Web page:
As Vertus, he is front and center playing a drug dealer with a heart of gold. His best friend John recently finished a prison sentence and doesn't speak to him (since Vertus is now dating Corinne, who was a longtime love of John's). All of the urban drama is set to the backdrop of some of Shakur's most iconic songs including "I Get Around," "Me Against The World," "I Ain't Mad Atcha" and "California Love."
With the hip-hop flavored In The Heights already under his belt and his membership in the hip-hop Improv group Freestyle Love Supreme, Jackson is no slouch when comes to a full understanding and deep appreciation for the music, the culture and all of its nuances. "I could not have imagined it in a million years, but I am delighted every time I go to work and am reminded of the fact that, as an artist, I feel like I am able to promote and to help bring to the forefront a forum that's really important and one that at times have been marginalized as something or the other."
|Photo by Joan Marcus|
"Many folks have constantly tried to put [hip-hop] in a box and it's to show that you can't if something great," he added. "This is the voice of our generation just as rock music was the expression of the previous generations, and it was profound and it shaped Broadway in a profound way as well."
Jackson describes himself as "soulful" and "hardworking" but said nothing prepared him for the education he's receiving under Leon's tutelage.
"Kenny is one of the greatest directors I've ever had the pleasure of being in the room with," he revealed. "It took a while to figure out what he wanted because he has his own language and he has his own way of going through the day and through the work, but the greatest thing I've learned from Kenny is to come prepared, come ready to be honest, leave all of your habits a the door."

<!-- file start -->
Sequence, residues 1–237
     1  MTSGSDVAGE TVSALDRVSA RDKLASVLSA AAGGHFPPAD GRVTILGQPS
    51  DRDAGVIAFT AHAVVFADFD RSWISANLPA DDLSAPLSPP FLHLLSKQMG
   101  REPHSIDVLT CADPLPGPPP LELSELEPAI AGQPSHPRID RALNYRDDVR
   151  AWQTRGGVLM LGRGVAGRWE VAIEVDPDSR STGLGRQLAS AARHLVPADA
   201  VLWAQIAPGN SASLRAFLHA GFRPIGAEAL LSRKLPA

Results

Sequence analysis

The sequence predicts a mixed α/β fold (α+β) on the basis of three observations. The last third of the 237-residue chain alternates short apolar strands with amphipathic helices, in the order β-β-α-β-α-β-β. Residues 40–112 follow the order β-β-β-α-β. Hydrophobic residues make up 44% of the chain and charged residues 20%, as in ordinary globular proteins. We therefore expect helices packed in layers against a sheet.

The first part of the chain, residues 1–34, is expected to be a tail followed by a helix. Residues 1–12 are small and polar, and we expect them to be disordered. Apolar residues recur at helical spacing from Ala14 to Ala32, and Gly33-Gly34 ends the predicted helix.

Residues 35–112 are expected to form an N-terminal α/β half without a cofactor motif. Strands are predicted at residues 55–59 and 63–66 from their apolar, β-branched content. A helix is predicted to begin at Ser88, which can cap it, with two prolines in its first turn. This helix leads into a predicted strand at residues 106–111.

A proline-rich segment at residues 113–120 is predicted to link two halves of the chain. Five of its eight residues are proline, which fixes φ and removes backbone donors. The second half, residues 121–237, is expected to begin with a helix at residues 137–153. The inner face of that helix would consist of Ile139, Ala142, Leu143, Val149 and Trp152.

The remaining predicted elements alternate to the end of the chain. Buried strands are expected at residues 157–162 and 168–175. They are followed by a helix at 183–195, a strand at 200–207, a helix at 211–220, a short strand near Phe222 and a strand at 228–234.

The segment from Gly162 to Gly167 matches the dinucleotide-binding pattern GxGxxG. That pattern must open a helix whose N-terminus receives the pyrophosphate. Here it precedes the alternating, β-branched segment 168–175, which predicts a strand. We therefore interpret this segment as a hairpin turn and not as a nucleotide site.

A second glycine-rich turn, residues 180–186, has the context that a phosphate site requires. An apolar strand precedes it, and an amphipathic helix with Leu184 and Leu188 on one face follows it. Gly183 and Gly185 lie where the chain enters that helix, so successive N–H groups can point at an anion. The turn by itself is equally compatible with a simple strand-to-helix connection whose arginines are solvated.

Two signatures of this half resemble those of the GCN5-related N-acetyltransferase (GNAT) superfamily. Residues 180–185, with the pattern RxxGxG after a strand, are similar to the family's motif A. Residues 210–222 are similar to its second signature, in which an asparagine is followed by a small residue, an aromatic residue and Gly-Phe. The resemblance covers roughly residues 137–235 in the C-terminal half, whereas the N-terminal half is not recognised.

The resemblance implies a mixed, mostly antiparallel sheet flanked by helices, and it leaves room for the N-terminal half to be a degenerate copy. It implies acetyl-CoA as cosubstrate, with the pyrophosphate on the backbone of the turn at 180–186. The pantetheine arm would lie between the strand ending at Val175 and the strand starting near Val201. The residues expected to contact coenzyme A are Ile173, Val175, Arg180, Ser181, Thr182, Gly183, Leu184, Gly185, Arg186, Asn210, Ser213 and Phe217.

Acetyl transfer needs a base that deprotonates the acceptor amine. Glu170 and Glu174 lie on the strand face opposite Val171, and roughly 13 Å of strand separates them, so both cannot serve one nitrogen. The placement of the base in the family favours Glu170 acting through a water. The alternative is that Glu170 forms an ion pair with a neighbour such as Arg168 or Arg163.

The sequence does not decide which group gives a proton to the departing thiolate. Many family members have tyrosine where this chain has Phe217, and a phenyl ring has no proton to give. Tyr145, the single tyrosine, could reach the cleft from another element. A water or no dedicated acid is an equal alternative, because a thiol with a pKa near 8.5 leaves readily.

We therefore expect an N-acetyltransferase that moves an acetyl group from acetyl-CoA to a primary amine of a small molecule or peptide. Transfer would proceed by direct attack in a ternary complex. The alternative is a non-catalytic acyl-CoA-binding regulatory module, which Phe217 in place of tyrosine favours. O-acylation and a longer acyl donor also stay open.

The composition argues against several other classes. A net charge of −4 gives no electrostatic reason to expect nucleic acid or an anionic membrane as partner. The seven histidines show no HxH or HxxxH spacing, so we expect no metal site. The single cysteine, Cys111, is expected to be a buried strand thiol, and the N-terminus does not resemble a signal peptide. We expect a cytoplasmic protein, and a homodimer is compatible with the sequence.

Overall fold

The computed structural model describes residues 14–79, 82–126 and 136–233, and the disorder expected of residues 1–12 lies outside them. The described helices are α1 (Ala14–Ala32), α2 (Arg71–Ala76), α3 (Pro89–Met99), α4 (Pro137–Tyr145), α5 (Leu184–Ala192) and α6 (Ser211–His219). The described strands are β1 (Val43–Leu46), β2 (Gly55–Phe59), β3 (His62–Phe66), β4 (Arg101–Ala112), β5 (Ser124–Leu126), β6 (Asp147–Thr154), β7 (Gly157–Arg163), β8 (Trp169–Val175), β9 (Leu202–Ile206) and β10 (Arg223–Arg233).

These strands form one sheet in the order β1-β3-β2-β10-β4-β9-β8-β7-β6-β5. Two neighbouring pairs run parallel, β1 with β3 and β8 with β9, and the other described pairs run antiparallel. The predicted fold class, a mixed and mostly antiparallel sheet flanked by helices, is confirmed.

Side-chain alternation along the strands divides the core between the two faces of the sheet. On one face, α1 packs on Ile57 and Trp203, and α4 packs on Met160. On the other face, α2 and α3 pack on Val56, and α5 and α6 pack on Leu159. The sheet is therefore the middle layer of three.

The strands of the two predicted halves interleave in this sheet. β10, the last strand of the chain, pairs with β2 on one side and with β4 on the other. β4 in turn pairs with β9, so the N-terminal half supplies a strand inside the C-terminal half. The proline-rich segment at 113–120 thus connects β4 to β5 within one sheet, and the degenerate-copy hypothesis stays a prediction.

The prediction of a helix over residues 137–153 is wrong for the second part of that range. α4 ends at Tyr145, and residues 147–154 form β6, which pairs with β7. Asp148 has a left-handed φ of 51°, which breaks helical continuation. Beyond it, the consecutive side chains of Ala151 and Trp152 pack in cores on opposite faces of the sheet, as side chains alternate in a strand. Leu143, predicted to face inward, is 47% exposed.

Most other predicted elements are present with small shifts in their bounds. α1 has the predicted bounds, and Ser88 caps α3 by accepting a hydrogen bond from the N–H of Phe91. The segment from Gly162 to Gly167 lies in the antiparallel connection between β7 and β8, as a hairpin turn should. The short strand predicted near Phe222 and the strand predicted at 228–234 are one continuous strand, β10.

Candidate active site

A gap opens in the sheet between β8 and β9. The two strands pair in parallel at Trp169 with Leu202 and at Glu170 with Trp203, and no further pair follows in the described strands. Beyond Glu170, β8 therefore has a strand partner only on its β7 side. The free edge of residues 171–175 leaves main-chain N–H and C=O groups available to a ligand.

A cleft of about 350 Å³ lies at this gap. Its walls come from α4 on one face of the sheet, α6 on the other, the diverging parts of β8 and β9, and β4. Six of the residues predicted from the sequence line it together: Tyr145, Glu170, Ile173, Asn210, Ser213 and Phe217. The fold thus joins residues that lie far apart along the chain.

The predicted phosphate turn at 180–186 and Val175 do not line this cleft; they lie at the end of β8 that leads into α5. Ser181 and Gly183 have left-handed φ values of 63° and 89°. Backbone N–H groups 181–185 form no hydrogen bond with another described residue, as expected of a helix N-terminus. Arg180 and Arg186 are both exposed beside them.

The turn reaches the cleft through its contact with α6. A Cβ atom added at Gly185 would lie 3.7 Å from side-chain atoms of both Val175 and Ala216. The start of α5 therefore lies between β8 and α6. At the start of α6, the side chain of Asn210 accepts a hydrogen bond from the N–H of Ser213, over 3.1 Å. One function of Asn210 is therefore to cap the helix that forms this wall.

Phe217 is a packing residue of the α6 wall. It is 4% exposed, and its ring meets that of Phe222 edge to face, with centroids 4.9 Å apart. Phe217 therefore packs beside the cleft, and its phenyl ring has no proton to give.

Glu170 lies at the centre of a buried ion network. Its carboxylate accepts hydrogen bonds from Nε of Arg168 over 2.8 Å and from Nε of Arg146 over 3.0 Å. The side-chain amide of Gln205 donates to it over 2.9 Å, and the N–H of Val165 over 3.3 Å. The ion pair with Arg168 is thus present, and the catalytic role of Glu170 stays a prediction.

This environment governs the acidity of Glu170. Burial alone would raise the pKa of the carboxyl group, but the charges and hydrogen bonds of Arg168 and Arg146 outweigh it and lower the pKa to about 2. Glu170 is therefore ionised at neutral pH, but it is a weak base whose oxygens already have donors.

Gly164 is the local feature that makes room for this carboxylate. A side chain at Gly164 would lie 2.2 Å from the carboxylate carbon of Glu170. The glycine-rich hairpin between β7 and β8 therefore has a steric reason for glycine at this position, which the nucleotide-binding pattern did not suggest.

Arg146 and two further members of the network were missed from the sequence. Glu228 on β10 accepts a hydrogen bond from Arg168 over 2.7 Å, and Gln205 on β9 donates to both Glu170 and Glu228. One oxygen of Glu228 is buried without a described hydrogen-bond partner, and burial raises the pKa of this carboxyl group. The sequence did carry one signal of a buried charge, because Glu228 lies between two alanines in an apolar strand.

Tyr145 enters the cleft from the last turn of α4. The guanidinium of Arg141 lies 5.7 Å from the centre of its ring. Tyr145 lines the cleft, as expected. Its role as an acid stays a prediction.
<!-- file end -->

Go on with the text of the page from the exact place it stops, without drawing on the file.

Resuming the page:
"He's fond of saying 'Don't let your habits be your choice,'" he continued. "And in a lot of ways, he's made me a better actor because he's allowed me to kind of come in the door as I am and put all of my stuff, all of my performance things, leave them outside of the room and just be real and in the moment."
Looking ahead, Jackson said his dream role is Black, which was originated by Taye Diggs in Andrew Lippa's musical The Wild Party, which won rave reviews and a string of theatre awards including the 2000 Drama Desk Award for Outstanding Music. "I recently performed at 54 Below with Andrew and we brought back some songs from the show, and I have to say that Black is a role that I am absolutely intrigued by and I would love to play. I love that music. I've known Andrew for a long time and getting the chance to work with him and doing some of that music made it clear to me that there's some life there. I would love to play that role. Since doing that show in April, that's been something that I've been thinking about quite often.
"I love the idea of being a part of projects that appeal to folks that necessarily don't think of themselves as theatregoers and opening up that world to folks who wouldn't normally be there," Jackson concluded. "I love meeting that guy who says, 'I don't go to Broadway musicals but I came to see you guys and I really loved it,' or 'I think I'm going to come back to another one and try something else.' Those are the kinds of encounters that remind me that what I'm able to do and what I'm a part of does have some resonance in the world."